December 9, 2011

What Are the Risks with IVF?

What are the true risks of in vitro fertilization?

Often thought as “the great equalizer”, the internet is information-laden. However, not all sources are equitable.  Deciphering amongst myth, opinion and truth, particularly in the field of Assisted Reproductive Technologies (ART) can be complicated and equally frustrating.

When one is contemplating whether IVF is suitable for their circumstance, it is important to understand true risks.  These data were by Sutcliffe et. Al.  Outcome of assisted reproduction. Lancet 2007; 370: 351-9.

The greatest risk is multiple births. Yes, there has most definitely been an increase in the number of twins and higher order multiples (triplets and quadruplets) over the initial years of instituting these technologies.  In 2007, our governing body , ASRM (American Society of Reproductive Medicine), published guidelines with regard to the number of embryos recommended for transfer.  However, prior to this publication, a move to reduce the number of embryos transferred had started.  As a result, the twin rate, and in particular, higher-order multiple-rate has decreased.

A second concern is that the miscarriage rate seems to be slightly increased when compared to spontaneously conceived pregnancy.  It is possible that this increase may be biased partially.  It may be that with IVF, exact timing is monitored; therefore, those women who have transient demonstrations of pregnancy hormone (biochemical pregnancies) may be registered whereas in naturally-conceived pregnancies, the woman may not even have realized that she was transiently-pregnant.  Or, perhaps, IVF made it possible to achieve a pregnancy that may not have occurred naturally.

Thirdly, there seems to be a slight increase in numeric sex-chromosome abnormalities with injecting of the sperm into the oocyte (ICSI) (0.6% vs 0.2%).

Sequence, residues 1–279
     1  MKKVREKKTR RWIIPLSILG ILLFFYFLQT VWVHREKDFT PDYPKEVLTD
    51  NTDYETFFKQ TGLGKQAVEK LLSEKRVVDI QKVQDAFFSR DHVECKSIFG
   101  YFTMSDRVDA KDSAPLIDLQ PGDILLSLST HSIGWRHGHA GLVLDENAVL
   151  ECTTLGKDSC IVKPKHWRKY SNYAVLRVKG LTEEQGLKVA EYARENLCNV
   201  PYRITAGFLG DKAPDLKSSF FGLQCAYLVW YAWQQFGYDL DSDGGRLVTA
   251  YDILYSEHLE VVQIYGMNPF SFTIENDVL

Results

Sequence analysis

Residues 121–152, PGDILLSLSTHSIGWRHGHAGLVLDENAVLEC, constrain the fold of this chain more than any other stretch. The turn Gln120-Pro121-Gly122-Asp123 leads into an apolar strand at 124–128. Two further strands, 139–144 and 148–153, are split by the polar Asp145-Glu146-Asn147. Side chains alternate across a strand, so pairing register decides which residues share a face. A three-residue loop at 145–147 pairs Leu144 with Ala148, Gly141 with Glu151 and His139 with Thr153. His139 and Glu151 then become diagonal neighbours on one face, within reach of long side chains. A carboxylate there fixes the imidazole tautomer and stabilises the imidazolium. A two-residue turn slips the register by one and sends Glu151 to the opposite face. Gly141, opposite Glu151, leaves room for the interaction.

However, it must be noted that to be a medical candidate for ICSI, there is often an underlying issue regarding subfertility at the level of sperm function. Therefore, these same issues causing the infertility, may very well play a part in how the chromosomes come together to form the developing embryo.  It should be noted that there are other medical conditions that have much higher predispositions to such chromosomal rearrangements.  In particular, a women with Diabetes Mellitus demonstrates a greater of an offspring with such an issue in comparison to the minute risk of ICSI (<1%).

Risks of preeclampsia, slightly smaller infants and pre term delivery increase.  In part, these risk increases may be related directly to multiple gestation.  For instance, twins are more likely to deliver earlier and be slightly smaller than their singleton counterpart.

It is important also to look at the long term data regarding how ART babies fair.

Neurodevelopmentally mature-term babies born after ART progress equally as well as those children that are the result of a spontaneously conceived pregnancy.  To those couples who are candidates for IVF, the benefits of ART greatly outweigh the risks and may be the only chance to have a baby.


 

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Danielle Vitiello, Ph.D., M.D.

Danielle Vitiello, Ph.D., M.D. Board-Certified in Obstetrics and Gynecology, Reproductive Endocrinology and Infertility